Parker's Points: A.J.'s drug test, Indy preview, and must see review! | Sports & Recreation
CONCORD - Well, we come to one of the most exciting races of the year, and one of the most anticipated; the Brickyard 400 at Indianapolis! That, and the breaking news this week about A.J. Allmendinger's suspension from NASCAR, have Adrian Parker's head buzzing.
Parker is the former standout South Rowan Raider football flash, PR guru for top NASCAR drivers, and current Communications Director for Charlotte Motor Speedway. And even with all of that, he finds time to create Parker's Points, right here, every week. What a guy!
So, here we go:
DW: Indy is coming up this weekend. It's one of the more prestigious races on the tour, and it has a "hometown connection" for some of the sport's top drivers. How is this one shaping up?
The last two Brickyards have produced two unpredictable winners. In 2010 it was Jamie McMurray, who actually won a total of three races that season along with the Bank of America 500 and Daytona 500. All things considered, when looking back on that win, maybe it wasn’t so unpredictable.
But, the 2011 Brickyard produced one of the most unlikely winners in recent memory when Paul Menard, whose odds of winning were 75 to 1, went on to score the only victory to this point of his NASCAR Sprint Cup Series career.
The two previous years, the Brickyard was won by Jimmie Johnson who then went on to win the championship in both of those seasons.
So who should do well this weekend? The smart money would be with Hendrick Motorsports.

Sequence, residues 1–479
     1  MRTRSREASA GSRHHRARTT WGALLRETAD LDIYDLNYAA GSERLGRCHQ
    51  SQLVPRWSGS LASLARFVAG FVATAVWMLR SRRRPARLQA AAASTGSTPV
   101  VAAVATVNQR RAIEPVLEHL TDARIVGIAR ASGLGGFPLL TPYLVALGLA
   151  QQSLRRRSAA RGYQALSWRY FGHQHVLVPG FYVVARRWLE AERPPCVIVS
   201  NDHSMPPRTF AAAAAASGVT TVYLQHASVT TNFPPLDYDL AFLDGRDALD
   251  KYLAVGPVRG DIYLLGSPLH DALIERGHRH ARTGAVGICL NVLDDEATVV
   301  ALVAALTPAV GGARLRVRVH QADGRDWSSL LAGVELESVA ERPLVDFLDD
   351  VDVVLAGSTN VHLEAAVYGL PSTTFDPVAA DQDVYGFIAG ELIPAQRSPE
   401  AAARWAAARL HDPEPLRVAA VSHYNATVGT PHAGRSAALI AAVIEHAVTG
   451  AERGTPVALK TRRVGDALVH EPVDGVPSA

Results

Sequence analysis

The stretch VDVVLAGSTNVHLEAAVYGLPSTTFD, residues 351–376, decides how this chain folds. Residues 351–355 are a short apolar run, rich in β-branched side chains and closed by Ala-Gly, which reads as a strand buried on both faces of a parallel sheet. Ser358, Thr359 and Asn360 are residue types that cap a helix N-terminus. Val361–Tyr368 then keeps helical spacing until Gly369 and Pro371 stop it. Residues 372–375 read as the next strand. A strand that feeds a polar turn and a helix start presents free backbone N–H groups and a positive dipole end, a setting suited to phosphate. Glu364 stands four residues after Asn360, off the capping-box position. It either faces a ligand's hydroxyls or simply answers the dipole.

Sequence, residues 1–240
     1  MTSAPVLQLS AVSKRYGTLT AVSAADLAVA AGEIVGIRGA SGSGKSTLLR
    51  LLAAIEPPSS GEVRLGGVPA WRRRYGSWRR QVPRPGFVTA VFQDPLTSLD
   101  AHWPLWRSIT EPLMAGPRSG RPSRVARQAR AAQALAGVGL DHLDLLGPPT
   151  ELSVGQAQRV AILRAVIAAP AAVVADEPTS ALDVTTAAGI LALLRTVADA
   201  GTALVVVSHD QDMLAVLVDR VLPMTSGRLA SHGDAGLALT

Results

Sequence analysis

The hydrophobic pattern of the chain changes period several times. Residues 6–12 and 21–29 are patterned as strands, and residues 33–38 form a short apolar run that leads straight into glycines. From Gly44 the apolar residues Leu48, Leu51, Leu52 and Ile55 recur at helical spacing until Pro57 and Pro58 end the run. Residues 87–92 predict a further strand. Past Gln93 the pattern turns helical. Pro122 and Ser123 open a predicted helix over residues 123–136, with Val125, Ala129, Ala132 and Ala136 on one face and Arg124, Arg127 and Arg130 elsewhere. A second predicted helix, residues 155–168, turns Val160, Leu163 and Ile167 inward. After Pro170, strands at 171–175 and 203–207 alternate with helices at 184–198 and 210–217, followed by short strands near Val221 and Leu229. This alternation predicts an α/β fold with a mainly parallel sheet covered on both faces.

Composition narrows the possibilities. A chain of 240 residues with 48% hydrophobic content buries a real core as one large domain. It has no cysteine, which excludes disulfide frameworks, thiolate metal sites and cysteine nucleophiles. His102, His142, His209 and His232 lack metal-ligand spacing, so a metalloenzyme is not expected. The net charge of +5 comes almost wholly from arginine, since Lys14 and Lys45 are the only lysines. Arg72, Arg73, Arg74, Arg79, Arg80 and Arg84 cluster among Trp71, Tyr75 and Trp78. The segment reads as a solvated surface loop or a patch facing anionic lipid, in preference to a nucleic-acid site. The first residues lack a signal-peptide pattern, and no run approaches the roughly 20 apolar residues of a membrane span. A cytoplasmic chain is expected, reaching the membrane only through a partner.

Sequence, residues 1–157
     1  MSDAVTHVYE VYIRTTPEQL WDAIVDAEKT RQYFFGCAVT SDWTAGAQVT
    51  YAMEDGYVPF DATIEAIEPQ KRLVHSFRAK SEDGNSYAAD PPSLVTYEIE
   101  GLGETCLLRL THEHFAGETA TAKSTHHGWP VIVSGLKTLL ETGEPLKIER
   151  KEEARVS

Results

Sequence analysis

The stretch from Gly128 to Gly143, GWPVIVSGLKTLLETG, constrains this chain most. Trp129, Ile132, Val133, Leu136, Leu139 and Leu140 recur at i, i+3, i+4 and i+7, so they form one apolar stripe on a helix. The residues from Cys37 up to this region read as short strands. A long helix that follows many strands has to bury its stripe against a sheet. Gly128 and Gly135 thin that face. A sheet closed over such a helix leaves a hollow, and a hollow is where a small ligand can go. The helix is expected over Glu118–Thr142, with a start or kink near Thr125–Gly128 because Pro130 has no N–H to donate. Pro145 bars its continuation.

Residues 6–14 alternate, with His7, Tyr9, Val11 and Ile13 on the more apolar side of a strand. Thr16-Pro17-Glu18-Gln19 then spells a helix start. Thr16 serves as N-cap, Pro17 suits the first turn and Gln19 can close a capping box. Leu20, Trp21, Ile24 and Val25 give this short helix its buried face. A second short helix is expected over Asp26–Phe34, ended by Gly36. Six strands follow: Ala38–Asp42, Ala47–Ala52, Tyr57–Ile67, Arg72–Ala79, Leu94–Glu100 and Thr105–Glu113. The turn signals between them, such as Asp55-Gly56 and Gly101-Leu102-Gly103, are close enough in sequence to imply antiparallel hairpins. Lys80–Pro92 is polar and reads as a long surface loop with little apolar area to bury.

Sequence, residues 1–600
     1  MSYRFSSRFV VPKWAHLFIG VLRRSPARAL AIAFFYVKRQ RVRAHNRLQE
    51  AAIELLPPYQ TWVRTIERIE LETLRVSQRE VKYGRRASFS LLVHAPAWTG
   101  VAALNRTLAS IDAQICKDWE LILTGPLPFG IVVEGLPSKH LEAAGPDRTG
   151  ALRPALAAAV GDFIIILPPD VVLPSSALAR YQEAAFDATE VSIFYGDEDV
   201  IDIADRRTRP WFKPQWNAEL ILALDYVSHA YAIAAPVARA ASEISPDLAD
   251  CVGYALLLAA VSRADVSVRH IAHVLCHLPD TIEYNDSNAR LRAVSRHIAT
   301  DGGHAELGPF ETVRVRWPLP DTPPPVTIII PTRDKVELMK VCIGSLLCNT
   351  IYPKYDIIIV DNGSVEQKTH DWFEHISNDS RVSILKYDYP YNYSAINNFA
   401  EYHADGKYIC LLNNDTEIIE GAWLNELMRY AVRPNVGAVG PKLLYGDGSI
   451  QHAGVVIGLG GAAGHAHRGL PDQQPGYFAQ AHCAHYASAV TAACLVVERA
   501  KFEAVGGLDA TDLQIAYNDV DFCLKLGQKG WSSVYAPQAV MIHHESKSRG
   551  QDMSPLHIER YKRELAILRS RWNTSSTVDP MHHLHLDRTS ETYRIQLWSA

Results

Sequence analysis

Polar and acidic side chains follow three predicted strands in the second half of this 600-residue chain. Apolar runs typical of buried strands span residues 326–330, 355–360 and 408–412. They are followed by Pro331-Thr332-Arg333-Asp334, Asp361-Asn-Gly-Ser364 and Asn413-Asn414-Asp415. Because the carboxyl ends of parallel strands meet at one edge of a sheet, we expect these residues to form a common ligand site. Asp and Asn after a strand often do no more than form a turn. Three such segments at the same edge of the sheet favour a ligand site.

Remember Hendrick Motorsports struggling this season? Me neither. They’ve reeled off six wins in the past 10 races (counting the Sprint All-Star Race). If you throw out the plate race at Daytona, which is a bit of a crap shoot and the road course race in Sonoma, that means they’ve won six of eight during that span.
Right now, it appears Johnson and Kasey Kahne have the most speed in that organization, but don’t count out Dale Earnhardt, Jr., who is currently second in the point standings or their teammate Jeff Gordon. Gordon is a four-time winner at Indy and desperately needs a win to keep his slim Chase hopes alive.
Beyond Hendrick Motorsports, I’d look for Denny Hamlin, Brad Keselowski, Greg Biffle, who has four-straight top-10 finishes at Indy, and of course, Indiana’s own Tony Stewart to challenge for the win on Sunday.
Looking for a dark horse? How about Joey Logano? He was great when he won at Pocono in June, another 2.5-mile, high-speed flat track (beyond that the similarities cease) and who should be motivated right now with many speculating that Matt Kenseth may be heading to Joe Gibbs Racing.
DW: Okay, believe it or not, we've reached the halfway point in the season. I'd like your thoughts on several topics here. Other than the JPM fiery jet dryer incident, what have been the biggest "moments" of the year? What driver/team has been the most pleasant surprise, and on the other hand, who has struggled? Any driver/team that you think may have a real breakout in the second half of the season?
Biggest? Very subjective, but here are the moments on track, that stick out to me:
- Stewart pulls last-lap heroics to win at Daytona in July. A masterful move by Stewart in turns 1 and 2 pulled apart the lead two cars of Kenseth and Biffle and provided Stewart the opportunity to hold onto the lead for the next half lap.
- Keselowski wins at Kentucky. This win may be telling when you consider Keselowski has now won three races, tied for the most in the series this season and has done so on a short track (Bristol), a plate track (Talladega) and finally an all-important intermediate track. This team could be the favorite heading into the Chase.
- Junior wins at Michigan. Every NASCAR track promoter across America smiled when they saw the No. 88 dominate the final portion of the Michigan race to break a career worse winless streak for NASCAR’s most popular driver.